How elearning is facilitating me-learning
Tony Hughes explores how multinational employers are meeting the needs of their learners.
What should the training world make of Mintel research showing that e-reader and e-book sales have declined, while paper publications have increased their market share?
What about findings from the Training Industry Report in the US, which showed traditional classroom-only delivery still accounts for 46 per cent of all professional training, and is growing faster than any digital means — accounting for only 26.4 per cent?
At first glance, the conclusion might be that the analogue world has proved its resilience. Perhaps not though, because calculating the raw hours spent in one medium versus others is not always the relevant yardstick. The secret lies in getting the right mix.
The way professionals learn (and the way their multinational employers want them to learn) is changing. And as digital design matures, providers will have to think deeply about what that mix of ingredients looks like if they are to produce something both tempting and satisfying.
A colleague of mine is working hard to persuade traditional, international professional services firms — particularly lawyers — that their route to success is to give their senior client-facing people (i.e. partners) the same behavioural sales skills that have been common currency in every other part of the commercial world for decades.
The invariable response he gets from senior partners is: “Yes, we desperately need those skills, but at our charge-out rates, you’ll never get the partners in a training room for two solid days – or even one.”
Another colleague has a major global client in the new media sector. Most of the delegates in their training events are Millennials or younger, whose schooling and university experiences will increasingly have included e-learning, virtual and Massive Online Open Course elements, and correspondingly less chalk and talk; and their daily lives nowadays are massively digital.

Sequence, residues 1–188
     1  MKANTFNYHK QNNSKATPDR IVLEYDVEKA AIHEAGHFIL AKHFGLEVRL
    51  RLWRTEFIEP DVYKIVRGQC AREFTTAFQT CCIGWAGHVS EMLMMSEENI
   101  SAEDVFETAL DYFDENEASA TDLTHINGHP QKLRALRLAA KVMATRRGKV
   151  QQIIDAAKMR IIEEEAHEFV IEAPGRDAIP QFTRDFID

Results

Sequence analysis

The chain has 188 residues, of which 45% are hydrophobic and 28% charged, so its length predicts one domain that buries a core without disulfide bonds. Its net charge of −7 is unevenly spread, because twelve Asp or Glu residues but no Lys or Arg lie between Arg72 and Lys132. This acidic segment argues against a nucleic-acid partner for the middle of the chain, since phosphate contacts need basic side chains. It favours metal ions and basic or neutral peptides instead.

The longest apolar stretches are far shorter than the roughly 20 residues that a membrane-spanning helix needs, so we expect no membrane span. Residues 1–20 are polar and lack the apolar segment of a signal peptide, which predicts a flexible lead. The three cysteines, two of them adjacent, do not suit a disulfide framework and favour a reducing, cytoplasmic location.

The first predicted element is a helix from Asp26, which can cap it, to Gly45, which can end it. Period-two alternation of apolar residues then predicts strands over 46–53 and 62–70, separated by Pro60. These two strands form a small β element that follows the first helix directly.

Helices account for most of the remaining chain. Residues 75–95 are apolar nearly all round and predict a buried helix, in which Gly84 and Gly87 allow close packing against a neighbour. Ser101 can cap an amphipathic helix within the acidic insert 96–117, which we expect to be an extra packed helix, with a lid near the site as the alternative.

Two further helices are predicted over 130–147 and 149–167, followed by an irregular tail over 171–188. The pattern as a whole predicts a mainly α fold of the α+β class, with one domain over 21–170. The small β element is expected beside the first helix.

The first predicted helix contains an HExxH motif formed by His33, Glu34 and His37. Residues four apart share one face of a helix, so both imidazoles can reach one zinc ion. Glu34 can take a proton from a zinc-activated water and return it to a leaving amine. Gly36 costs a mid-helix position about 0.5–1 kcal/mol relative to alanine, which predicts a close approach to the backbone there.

So, for widely differing reasons, something has to change.
It’s important to distinguish between knowledge and skill. About 20 years ago, when the hot talk in training circles was that e-learning would overturn classroom learning in no time, my attitude was that it would not, but that the knowledge component of behavioural change (things that could be learned from a book or a lecturer) would be enhanced by a more bite-sized, interactive and entertaining medium.
So we put materials on a multi-media (by the standards of those days) CD-ROM that could be translated into all the users’ languages for them to work through before they turned up at a training venue, at which point the training would all be about role-play, behavioural practice and human interaction. People could go back to the CD-ROM for a bit of post-course refreshment. It worked, but it was very one-size-fits-all.
Nowadays, the talk is all about individual learning journeys, and rightly so. That involves planning what people need to learn, as well as why, where and how they need to learn it.
A company’s L&D people in all its countries and the training provider’s advisers in all the same countries must work together to bring all the assets (web-based, virtual, printed, face-to-face, coaching, social, reinforcement video etc) together.
To adapt an old advertising slogan, the aim is a me-shaped learning world. Within the same organisation there will be various different routes to the same learning point.
Indeed, our experience suggests there will be markedly different approaches to training within a single multinational company — with some country’s offices willing to spend three consecutive days in a conference room, while employees at the same company but based elsewhere in the world will focus on self-learning.
Digital and classroom-based training both have significant roles to play — helping deliver consistent training outcomes through bespoke training programmes. Elearning won’t necessarily be the right solution for every office in every organisation, but me-learning will be.
About the author
Tony Hughes is CEO at sales and negotiation experts Huthwaite International.